The Linguist

The Linguist 53,1

The Linguist is a languages magazine for professional linguists, translators, interpreters, language professionals, language teachers, trainers, students and academics with articles on translation, interpreting, business, government, technology

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Page 27 of 35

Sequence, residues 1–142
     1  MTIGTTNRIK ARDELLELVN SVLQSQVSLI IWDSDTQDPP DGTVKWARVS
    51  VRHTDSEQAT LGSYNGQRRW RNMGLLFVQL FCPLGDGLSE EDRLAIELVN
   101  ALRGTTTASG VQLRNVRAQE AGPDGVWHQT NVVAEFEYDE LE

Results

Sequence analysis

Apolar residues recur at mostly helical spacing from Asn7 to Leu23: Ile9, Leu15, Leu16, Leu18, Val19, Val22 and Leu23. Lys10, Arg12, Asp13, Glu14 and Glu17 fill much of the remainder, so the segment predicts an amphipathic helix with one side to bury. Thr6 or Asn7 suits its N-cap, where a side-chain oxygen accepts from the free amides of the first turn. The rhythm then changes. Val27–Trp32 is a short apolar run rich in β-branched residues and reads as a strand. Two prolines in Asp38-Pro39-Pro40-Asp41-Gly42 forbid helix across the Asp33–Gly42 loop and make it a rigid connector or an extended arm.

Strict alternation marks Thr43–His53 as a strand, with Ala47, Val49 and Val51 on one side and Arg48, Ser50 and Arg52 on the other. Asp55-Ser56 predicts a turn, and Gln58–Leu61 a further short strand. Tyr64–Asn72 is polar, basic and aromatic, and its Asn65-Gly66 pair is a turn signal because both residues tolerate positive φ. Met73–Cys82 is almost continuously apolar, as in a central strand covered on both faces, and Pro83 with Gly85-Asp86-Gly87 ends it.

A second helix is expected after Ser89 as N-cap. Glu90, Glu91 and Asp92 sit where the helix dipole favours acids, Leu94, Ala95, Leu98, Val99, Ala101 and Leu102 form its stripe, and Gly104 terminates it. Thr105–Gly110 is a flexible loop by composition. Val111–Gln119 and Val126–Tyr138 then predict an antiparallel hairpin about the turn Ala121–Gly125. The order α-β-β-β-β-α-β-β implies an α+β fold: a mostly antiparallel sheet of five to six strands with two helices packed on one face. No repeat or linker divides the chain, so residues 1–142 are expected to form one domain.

28 The Linguist FEBRUARY/MARCH REVIEWS interpreting research is presently under-served due to the paucity of researchers willing to take it on. the field is huge and complex, particularly in the public services arena. interpreting research seems a very daunting prospect. there must be an almost infinite number of completely unresearched aspects of the interpreting process in a variety of public service settings. this groundbreaking book is set to improve interpreting services by encouraging and enabling interpreting practitioners and others to take part in research. the text is well arranged, clearly laid out and written in academic language that is comprehensible. As an irlen Syndrome sufferer, i really appreciate the grey-on- white font and size of the text, though left justification would have made reading and absorbing information easier still. Within the 267 pages there are eight chapters describing the reasons for research, and every step of designing and conducting a research project. the detail included in the contents pages makes navigating the text easy. i only wish that Research Methods in Interpreting had been published earlier, as it would have made my own doctoral research project much less painful. it isn't that no books existed to guide prospective researchers through creating and completing a research project; it's that there was no book (as far as i am aware) that related specifically to interpreting research. that is the breakthrough. i'm glad to see a description that lays out the steps so well. What interpreting practitioners need is more understanding of interpreting theory. theory provides hard standing on which to mount practical techniques and cognitive frameworks of delivery. Good practice arises out of applied research. interpreting researchers will benefit society in general, but more importantly, they will themselves gain new knowledge, new insights and greater confidence, thus improving their own research and interpreting praxis. it is a great pleasure to recommend this encouraging book to interpreter training institutions. the profession of public service interpreting suffers from a lack of credibility and esteem among large numbers of practising public service professionals. it is time to change the perception that interpreting is simply a question of dual literacy and that the work of interpreters can be replaced satisfactorily by untrained people. only research can influence interpreters' thorough training and only research can convince collaborating professionals that we are truly practising an academic discipline. Jan Cambridge FCIL Research Methods in Interpreting Sandra Hale and Jemina Napier Bloomsbury Academic, 2013. ISBN 978-1- 4411-6851-1, Paperback £22.99 A translation approach the headline policy 'Learn English or lose benefits' has generated discussion not only among English as a Second Language (ESoL) teachers but also among refugee communities whose successful integration into Britain depends on their commitment to learning the language. in the Somali refugee community, the policy is viewed by many as one that emphasises both commitment and attainment. An acceptable level of proficiency in English is a requirement for those applying for British citizenship, but it is possible that a large number of people on Jobseekers' Allowance became British citizens long before the ESoL Level 3 requirement was put in place. ESoL students and teachers are committed to make learning English a rewarding experience. Many classes issue learners with bilingual dictionaries to help them to learn vocabulary more quickly. this underscores learners' reliance on translation at a basic level. For many students, learning grammar begins with learning English. translation is a relatively quick way to learn English and compare its structure with the learner's native language. Such an approach can help learners to avoid using the wrong tense. one of my students rendered the phrase London baan tagay shalayto as 'i am going to London yesterday' (instead of 'i went…'). that does not mean the simple past tense was not introduced to the learner but that the opportunity to compare and contrast the past tense in English and Somali was not utilised. Another learner translated a Somali headline into English as 'Fire caught boat yesterday'. From the discussion that followed, he found out that this sentence structure in English makes 'boat' the subject and 'fire' the object. Learners rely on translation to conclude that, for example, in the phrase 'a new car', the adjective comes before the noun. this paves the way for students to develop language use awareness and boost their vocabulary through basic collocations. Asking learners to share what they have heard people say and how they made sense of it instils active language learning outside the classroom, which enables students to get used to deciphering meanings in different contexts. A translation approach to learning a language features heavily at secondary and tertiary levels in the Uk. Materials for secondary schools and colleges reflect the reliance on English to expound the grammatical principles of the other language. ESoL students may benefit from earlier exposure to this translation approach. Liban Ahmad © i S tockphoto

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